(CNSNews.com) - Drone incursions over U.S. military installations are an "increasing problem," Defense Secretary Gen. James Mattis told the Senate Armed Services Committee on Wednesday: "It's only a matter time before the threat manifests in a -- in a violent way," Mattis said.
One day earlier, Homeland Security Secretary Kirstjen Nielsen also expressed concern about drone incursions at the U.S. border: "It's only a matter of time, we fear, when we watch them use it to actually transfer IEDs or other explosive materials," Nielsen told the Senate Appropriations Subcommittee on Homeland Security.
In his testimony on Wednesday, Mattis said the U.S. military now tracks "every overflight of our bases, ships, airfields." Mattis said he's been surprised to see "just how much of this is being dealt with."
Mattis told Sen. John Hoeven (R-N.D.):
We probably are going to have to come in to the FAA and perhaps even to Congress and ask for additional authorities. We have the authority, as you know, over certain sensitive sites. You know of some of them well.
But we do not have the authority to take these down over many other sites -- the normal military base. The problem is, it's only a matter time before the threat manifests in a -- in a violent way.
So we're going to have to come in with a very clear statement, what we need from the Congress or the FAA, and then get that authority out, get the systems out to take them down and make certain we're not running afoul of any-- and we got to be careful, again, that some of things that we would take a UAV down with, we don't want to take down a passenger jet, for example.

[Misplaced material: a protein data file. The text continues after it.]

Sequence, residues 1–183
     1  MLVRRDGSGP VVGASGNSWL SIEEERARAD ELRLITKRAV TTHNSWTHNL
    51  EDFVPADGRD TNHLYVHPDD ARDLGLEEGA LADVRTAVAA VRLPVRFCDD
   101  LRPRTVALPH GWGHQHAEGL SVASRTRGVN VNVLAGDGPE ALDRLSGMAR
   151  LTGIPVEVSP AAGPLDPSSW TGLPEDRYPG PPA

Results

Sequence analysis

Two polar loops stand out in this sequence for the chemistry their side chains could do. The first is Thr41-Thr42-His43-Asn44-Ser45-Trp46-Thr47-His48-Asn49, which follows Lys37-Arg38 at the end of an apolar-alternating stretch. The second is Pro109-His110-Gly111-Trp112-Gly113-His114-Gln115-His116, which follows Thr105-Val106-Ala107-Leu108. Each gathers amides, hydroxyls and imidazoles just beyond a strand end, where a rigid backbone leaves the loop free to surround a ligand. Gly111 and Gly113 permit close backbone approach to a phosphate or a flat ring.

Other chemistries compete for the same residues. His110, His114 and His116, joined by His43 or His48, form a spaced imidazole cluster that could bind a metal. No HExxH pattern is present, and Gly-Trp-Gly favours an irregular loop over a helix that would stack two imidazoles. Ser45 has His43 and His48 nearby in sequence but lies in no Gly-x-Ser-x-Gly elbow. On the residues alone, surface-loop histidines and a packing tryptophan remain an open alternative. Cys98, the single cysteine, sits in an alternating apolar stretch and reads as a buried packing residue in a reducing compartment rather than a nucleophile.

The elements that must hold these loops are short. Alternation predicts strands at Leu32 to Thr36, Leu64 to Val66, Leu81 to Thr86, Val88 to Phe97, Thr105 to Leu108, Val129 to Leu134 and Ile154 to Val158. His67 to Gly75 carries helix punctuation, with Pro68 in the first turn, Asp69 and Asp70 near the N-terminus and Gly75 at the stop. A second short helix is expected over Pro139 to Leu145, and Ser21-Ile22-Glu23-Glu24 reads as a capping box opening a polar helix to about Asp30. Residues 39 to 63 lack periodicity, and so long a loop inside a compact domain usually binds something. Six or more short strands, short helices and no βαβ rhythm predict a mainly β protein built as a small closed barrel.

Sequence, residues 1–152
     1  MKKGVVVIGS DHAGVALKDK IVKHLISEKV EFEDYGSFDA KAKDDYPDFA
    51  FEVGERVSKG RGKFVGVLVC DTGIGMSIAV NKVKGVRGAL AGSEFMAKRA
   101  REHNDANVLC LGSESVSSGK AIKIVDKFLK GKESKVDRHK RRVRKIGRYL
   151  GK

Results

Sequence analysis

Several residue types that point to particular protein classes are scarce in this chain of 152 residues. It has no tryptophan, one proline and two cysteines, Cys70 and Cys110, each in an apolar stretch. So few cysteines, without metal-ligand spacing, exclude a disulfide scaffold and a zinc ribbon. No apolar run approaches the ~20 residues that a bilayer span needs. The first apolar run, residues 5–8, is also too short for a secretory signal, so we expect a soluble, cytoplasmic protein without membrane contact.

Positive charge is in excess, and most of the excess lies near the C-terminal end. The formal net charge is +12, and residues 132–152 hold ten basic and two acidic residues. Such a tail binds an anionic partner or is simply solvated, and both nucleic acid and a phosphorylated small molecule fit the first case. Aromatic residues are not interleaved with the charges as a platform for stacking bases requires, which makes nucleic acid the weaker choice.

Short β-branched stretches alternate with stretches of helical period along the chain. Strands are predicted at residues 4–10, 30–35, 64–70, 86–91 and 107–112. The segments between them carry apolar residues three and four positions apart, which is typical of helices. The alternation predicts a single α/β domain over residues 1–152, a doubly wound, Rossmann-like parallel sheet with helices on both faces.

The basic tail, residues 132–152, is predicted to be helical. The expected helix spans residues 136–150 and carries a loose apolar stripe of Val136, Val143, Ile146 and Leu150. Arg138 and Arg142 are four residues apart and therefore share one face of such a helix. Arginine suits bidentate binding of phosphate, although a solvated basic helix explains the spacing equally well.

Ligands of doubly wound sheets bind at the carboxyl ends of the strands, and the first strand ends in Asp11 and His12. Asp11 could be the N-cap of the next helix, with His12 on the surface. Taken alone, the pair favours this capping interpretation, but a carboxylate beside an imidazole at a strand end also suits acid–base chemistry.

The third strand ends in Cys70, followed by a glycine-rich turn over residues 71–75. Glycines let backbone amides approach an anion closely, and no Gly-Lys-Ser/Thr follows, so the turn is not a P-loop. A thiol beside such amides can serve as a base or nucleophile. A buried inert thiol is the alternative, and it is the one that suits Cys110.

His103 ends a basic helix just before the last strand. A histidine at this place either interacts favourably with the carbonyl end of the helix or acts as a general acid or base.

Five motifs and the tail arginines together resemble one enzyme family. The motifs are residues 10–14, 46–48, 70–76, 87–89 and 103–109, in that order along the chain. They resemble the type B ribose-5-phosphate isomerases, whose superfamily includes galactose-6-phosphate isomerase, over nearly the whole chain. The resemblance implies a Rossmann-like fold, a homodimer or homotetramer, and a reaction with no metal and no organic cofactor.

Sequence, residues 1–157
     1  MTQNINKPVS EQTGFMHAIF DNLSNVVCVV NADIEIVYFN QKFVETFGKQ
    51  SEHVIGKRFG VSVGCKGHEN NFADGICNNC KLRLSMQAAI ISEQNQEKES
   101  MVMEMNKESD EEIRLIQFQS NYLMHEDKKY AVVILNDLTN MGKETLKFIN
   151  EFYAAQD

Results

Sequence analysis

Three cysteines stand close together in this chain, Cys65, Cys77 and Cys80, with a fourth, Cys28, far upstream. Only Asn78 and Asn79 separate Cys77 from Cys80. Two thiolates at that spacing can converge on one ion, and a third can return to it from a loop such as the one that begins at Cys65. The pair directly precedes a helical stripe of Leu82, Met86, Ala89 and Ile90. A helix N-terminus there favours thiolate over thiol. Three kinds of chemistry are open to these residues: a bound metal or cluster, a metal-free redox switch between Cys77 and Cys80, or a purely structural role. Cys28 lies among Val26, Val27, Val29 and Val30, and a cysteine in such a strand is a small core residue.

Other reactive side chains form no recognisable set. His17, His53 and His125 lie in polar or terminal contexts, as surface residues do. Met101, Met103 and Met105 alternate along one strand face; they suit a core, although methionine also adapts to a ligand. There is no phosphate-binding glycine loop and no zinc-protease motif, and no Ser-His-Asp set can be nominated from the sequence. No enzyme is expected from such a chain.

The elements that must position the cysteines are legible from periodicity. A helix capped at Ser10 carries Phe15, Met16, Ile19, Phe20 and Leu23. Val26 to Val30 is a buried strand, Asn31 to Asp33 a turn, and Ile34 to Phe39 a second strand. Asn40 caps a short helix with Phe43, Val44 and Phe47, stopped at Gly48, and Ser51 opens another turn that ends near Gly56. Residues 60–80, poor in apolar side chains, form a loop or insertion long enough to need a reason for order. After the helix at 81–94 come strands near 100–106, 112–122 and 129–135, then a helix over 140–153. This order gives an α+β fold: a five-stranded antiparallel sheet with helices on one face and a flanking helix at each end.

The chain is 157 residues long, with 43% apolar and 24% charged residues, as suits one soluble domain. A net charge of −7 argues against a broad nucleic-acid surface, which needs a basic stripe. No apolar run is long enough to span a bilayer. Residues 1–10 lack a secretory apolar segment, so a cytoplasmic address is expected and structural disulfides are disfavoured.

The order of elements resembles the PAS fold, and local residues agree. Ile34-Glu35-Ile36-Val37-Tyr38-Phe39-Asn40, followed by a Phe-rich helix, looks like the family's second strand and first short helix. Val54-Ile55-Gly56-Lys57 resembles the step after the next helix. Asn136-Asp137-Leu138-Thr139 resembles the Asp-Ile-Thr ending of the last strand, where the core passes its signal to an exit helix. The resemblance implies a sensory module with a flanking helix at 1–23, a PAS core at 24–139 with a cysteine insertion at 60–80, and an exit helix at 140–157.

There's a reason it's got be integrated. We're working this, and we're tracking every incursion now, every single one, sir.
Both the Defense Department and the Homeland Security Department are developing a "counter-UAS" strategy, Nielsen told Sen. Hoven at a different hearing on Tuesday: (UAS stands for Unmanned Aerial Systems.)
Hoeven told Nielsen the U.S. needs unmanned aircraft for surveillance, but the country also needs to worry how drones may be used to attack the homeland. Hoeven asked Nielsen if her Department has adequate funding for counter-UAS activities:
I thank you for the question, because this is an emerging threat and one that's very top of our mind. We see how UAS's are used in theater, but we also have already seen them used by TCOs to transport drugs across our border. It's only a matter of time, we fear, when we watch them use it to actually transfer IEDs or other explosive materials.
They disrupt our surveillance and cause problems with our communication already. So we have put together a legislative request for authority that would help us surveil and disrupt. It's not dissimilar to what the Department of Defense has. We're working with DOJ to finalize that language, but I would very much look forward to working with you on that so we can protect our border.
Nielsen said DHS already has partnerships with the private sector involving unmanned aerial systems.